Bio-cremation offers green alternative to traditional burial
CTV Prince Albert
Published Tuesday, October 2, 2012 5:27PM CST
Last Updated Wednesday, October 3, 2012 9:05AM CST
The province is the first in Canada to allow a new cremation option that uses liquid instead of fire. It is known as “Bio-Cremation” and it is a green option that makes your final resting place more environmentally friendly.
“Alkaline Hydrolysis” is the process of reducing the body to bone fragments using a mixture of pressure, water and chemicals. The chairman of the Funeral and Cremation Services Council of Saskatchewan, Todd Lumbard, says, “It is similar to cremation by flame, but it uses an alkaline liquid solution to do the same job.”
Families are still left with ashes in the end. But, it is a green option because the process uses significantly less energy. It doesn’t spew pollutants like carbon dioxide and mercury into the air and the liquid used to dissolve the tissue becomes sterile in the process and is simply drained into the sewer system.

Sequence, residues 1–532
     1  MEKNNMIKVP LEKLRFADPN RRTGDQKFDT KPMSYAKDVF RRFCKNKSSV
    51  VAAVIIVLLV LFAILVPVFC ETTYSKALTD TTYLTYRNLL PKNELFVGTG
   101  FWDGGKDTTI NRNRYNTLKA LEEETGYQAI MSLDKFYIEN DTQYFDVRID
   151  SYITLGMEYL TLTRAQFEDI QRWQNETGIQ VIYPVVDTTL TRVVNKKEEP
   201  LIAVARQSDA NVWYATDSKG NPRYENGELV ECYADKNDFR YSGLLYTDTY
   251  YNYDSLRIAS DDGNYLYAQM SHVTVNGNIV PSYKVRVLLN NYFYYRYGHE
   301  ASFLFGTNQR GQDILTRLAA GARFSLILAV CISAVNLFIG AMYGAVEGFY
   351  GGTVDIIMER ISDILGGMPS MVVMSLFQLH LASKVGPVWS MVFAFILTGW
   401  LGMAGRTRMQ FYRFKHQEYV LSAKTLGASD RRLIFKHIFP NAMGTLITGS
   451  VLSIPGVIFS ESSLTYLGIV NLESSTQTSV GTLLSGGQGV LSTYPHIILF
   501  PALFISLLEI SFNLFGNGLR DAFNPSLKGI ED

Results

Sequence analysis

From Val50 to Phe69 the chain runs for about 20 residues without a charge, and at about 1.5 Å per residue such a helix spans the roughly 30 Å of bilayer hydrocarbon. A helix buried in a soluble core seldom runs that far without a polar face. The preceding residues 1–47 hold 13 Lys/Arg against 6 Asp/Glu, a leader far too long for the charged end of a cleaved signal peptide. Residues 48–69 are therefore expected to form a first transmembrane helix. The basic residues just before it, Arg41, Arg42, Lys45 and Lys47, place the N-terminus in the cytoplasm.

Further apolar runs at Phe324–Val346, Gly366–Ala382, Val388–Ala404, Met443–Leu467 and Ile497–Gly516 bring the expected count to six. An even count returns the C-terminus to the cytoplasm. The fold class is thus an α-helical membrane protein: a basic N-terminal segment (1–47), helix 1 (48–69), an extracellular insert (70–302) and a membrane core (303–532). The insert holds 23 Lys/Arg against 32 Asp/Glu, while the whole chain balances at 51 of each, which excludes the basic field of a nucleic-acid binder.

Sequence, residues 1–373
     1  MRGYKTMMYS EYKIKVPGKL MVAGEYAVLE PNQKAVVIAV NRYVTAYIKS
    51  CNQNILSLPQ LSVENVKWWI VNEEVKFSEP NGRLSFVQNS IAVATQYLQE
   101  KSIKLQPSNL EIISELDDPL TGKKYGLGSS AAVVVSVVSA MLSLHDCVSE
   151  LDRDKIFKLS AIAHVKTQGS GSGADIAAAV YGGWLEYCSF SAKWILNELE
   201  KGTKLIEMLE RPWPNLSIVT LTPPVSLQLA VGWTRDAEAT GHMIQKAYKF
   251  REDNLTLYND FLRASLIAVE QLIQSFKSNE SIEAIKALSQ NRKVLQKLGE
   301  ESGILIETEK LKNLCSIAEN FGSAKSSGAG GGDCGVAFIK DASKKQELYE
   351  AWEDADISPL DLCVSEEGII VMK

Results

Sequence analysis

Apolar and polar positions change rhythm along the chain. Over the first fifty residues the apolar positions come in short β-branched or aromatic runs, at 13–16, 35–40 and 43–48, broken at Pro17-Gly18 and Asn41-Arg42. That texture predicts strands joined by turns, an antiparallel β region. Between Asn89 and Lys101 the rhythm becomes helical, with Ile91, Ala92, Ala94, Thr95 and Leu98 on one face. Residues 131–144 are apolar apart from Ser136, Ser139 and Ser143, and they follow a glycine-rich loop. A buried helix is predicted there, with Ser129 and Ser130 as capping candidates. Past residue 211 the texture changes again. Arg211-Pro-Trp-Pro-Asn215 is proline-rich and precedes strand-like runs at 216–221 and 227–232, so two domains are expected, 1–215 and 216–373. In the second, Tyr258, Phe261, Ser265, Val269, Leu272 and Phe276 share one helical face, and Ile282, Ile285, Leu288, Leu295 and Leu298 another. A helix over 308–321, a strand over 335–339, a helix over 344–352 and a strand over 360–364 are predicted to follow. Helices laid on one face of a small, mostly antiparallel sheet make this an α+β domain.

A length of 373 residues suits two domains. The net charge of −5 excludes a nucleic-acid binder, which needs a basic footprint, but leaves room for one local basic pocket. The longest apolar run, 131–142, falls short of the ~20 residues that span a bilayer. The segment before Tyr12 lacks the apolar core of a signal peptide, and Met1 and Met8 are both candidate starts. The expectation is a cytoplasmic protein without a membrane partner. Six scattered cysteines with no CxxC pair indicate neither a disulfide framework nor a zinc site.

Drew Gray is the Funeral Director at Gray’s Funeral Chapel in Prince Albert. He admits the process seems to be unsettling for some people,
“I’ve heard the term “ick factor” when the process is referenced, ” says Gray. But that isn’t stopping him from considering bio-cremation as an option for his customers.
“The city of Prince Albert is unqiue in that it doesn’t allow zoning for flame cremation. Alkaline Hydrolysis could be allowed in my current establishment because there are no emissions” says Gray.
Saskatchewan is the first province in Canada to allow human alkaline hydrolysis but Lumbard says it hasn’t caught on just yet.
“We haven’t seen anything in Saskatchewan specifically yet, but it is definitely being talked about in our profession and it is already prevalent in the United States.”
Gray says rather than investing in the new technology now, he will wait and poll customers on whether an environmentally focused end of life cremation strikes a chord with the public.
Saskatchewan is the first province in Canada to allow bio-cremation